Court Rejects Novant’s Challenge to CON Policy AC-3 for Academic Medical Centers

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The North Carolina Court of Appeals recently affirmed a final agency decision to award a CON for a new ambulatory surgical facility to North Carolina Baptist Hospital (Baptist Hospital), on the basis that the petitioners failed to show the approval of the project substantially prejudiced their rights. The decision in Novant Health, Inc. v. N.C. DHHS (COA12-57) underscores prior opinions over the past several years in which the Court of Appeals has held that to successfully challenge the approval of a non-competitive CON application, a petitioner must prove more than competitive impact in order to establish that its rights have been substantially prejudiced. Otherwise, any alleged errors in the approval of the health service or facility, such as non-conformity with CON criteria, essentially are harmless as a matter of law.

This most recent decision on the issue of substantial prejudice involved an appeal from a decision awarding a CON to Baptist Hospital for a new facility in Forsyth County which would include eight new ORs, two procedure rooms, one robotic training room, and one simulation OR. Baptist Hospital applied for the new AmSurg Facility under Policy AC-3 of the State Medical Facilities Plan (SMFP), which establishes special criteria for evaluation of a CON application made by an academic medical center (AMC). Novant Health, Inc., doing business as Forsyth Medical Center and Medical Park Hospital, Inc. (both located in Forsyth), challenged the approval of Baptist Hospital’s application, and based its challenge in large part upon an attack against the merits of Policy AC-3.

At the time Baptist Hospital applied for its new AmSurg Facility, the SMFP indicated a surplus of five ORs in Forsyth County. However, the Division of Health Service Regulation (DHSR) concluded Baptist Hospital demonstrated that its proposed AmSurg Facility satisfied Policy AC-3 criteria, that the project was needed to address the growth in Baptist’s inpatient and outpatient surgeries and to accommodate the hospital’s teaching and research functions, and that the project conformed with applicable CON criteria.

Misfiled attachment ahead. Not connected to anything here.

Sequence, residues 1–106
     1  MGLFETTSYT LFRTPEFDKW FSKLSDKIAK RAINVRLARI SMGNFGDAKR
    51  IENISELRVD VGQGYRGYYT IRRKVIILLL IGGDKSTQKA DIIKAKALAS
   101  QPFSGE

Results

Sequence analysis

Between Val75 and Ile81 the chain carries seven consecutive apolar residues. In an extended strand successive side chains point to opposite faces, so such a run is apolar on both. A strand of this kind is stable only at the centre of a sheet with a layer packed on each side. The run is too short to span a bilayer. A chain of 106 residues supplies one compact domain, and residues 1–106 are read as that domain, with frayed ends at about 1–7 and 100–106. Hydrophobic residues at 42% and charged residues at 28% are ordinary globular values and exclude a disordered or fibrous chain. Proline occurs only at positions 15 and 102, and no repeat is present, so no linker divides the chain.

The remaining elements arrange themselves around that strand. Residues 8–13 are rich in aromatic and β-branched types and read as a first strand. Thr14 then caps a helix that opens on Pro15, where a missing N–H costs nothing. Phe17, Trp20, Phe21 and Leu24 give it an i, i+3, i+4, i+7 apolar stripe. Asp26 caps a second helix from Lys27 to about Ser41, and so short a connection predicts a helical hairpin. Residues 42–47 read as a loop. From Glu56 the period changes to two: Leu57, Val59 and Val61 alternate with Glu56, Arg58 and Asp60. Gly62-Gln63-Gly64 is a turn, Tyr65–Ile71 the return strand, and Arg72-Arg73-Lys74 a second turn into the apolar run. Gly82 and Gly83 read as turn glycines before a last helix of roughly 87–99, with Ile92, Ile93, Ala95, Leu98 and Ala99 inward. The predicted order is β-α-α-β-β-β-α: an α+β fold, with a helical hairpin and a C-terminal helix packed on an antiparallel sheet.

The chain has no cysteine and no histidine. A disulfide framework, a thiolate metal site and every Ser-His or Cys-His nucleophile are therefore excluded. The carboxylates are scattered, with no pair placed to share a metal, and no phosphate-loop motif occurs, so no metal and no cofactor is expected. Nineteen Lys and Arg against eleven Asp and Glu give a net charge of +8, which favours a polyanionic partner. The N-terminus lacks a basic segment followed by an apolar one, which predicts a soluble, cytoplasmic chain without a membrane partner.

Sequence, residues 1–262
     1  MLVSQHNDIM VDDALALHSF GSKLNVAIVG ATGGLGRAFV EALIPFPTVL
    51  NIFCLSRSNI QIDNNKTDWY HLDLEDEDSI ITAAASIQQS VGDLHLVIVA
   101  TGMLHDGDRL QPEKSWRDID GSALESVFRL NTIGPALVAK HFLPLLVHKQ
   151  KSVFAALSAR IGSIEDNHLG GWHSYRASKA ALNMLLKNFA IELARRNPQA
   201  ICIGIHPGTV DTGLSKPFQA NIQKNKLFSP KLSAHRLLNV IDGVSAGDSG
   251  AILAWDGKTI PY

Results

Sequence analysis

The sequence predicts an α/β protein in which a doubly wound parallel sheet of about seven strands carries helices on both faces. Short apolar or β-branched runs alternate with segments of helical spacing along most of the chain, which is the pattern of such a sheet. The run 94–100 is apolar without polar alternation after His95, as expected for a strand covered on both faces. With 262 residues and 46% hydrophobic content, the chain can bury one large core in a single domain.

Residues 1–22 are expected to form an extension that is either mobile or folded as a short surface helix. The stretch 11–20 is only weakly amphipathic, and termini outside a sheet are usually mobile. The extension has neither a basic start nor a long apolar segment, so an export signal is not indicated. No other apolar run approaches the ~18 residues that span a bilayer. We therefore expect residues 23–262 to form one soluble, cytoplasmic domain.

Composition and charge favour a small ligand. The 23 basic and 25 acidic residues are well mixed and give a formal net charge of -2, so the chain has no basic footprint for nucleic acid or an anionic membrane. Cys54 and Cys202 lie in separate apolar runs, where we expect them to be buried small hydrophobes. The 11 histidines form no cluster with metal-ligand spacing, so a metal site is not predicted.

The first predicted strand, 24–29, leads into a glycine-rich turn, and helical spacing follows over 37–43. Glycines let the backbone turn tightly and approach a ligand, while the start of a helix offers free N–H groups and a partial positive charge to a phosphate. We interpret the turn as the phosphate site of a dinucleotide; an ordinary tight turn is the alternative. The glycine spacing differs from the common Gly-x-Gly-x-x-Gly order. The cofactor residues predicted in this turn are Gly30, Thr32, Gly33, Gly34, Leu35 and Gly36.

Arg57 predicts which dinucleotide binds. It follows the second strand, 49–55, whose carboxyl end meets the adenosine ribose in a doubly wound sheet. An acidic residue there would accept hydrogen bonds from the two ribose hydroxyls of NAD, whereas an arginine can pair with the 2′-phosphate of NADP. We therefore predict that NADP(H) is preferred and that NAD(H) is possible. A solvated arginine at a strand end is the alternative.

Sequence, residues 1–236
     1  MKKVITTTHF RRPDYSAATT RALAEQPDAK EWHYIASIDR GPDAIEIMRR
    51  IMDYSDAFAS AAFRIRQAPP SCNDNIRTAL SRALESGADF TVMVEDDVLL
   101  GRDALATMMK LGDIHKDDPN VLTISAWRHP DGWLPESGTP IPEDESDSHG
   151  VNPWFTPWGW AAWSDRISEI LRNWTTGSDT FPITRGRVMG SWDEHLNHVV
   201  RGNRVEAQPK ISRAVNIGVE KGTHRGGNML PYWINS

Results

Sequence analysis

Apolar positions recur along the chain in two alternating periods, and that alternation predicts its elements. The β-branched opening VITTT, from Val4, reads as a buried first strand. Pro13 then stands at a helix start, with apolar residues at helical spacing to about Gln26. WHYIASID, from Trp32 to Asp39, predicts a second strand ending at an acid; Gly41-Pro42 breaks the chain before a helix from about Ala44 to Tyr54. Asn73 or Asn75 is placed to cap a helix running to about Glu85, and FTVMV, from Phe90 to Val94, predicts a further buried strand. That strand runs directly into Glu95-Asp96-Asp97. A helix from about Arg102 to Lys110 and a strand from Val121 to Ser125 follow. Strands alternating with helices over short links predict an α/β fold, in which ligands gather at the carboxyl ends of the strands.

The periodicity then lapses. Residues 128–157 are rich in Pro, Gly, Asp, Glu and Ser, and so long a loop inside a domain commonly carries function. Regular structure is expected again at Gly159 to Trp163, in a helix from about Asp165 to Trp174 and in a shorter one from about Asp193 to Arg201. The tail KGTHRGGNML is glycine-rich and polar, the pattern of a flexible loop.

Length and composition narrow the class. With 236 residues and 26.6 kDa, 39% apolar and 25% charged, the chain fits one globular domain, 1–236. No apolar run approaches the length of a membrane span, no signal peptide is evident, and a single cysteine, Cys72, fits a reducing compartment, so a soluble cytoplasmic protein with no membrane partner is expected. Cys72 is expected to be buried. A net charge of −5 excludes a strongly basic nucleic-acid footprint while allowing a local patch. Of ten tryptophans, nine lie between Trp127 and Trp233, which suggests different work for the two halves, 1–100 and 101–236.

Novant contended it was substantially prejudiced as a matter of law because Policy AC-3 gave Baptist Hospital an unfair competitive advantage by allowing Baptist to develop additional ORs when other providers in Forsyth County could not. In addressing this issue, the Court of Appeals acknowledged that through Policy AC-3, the Department of Health and Human Services has validly and specifically authorized AMCs such as Baptist Hospital to obtain new ORs which might not otherwise be permitted under the SMFP need determinations and CON law. The Court pointed Novant to the General Assembly as the proper forum for its public policy argument concerning the wisdom of Policy AC-3.

In keeping with the decisions of the Administrative Law Judge and DHSR below, the Court rejected Novant’s contentions that it proved substantial prejudice in the form of lost market share of outpatient surgeries. The Court concluded Novant failed to show that its harm “went beyond any harm that rises above that posed by mere competition . . . .” In other words, any harm that necessarily would result from additional competition flowing from Baptist Hospital’s approved AmSurg Facility did not equal substantial prejudice.

This decision illustrates the now well-established law developed by the Court of Appeals that a petitioner challenging the approval of another provider’s non-competitive CON application must show substantial prejudice through proof which amounts to something more than existing market conditions and competitive impact. Any petitioner challenging a decision to approve a non-competitive CON application will be well-advised to consider this line of cases carefully in developing and presenting evidence in its case.